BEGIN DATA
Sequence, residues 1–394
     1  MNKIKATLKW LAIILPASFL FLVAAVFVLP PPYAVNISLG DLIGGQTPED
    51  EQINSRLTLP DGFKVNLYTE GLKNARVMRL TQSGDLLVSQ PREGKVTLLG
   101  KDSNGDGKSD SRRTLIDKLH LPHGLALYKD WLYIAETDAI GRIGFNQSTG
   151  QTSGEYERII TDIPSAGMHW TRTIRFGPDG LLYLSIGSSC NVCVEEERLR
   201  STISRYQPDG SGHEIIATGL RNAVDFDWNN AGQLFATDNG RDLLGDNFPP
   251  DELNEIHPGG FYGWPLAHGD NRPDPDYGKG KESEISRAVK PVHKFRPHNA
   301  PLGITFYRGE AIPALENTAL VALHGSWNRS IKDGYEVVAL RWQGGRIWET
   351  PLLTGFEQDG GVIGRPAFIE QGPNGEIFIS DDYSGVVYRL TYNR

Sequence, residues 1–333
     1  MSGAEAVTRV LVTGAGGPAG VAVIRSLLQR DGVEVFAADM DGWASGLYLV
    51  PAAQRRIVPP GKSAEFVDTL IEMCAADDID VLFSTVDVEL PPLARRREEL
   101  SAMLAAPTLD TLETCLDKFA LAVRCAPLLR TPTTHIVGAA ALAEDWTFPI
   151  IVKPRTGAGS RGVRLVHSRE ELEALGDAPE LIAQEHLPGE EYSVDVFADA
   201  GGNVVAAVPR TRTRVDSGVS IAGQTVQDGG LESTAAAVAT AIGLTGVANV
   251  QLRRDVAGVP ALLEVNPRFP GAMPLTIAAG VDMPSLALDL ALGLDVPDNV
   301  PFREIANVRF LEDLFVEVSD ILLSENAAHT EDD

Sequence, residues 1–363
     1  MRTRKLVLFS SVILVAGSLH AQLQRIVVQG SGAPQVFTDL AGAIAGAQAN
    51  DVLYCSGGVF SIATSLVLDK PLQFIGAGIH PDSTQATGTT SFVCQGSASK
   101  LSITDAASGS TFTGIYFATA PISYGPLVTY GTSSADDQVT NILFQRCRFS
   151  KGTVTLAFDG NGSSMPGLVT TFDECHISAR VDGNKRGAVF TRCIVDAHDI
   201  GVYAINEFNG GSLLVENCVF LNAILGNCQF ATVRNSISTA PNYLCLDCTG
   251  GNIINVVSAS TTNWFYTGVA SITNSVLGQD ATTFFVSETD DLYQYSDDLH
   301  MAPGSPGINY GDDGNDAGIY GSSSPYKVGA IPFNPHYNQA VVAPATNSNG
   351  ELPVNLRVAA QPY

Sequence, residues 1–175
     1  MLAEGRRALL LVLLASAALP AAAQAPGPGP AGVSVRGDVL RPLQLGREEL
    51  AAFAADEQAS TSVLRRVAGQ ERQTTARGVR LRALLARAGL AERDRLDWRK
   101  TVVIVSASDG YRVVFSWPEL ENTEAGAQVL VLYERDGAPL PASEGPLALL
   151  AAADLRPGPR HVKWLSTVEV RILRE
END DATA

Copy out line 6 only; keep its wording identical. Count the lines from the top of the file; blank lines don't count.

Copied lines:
   201  STISRYQPDG SGHEIIATGL RNAVDFDWNN AGQLFATDNG RDLLGDNFPP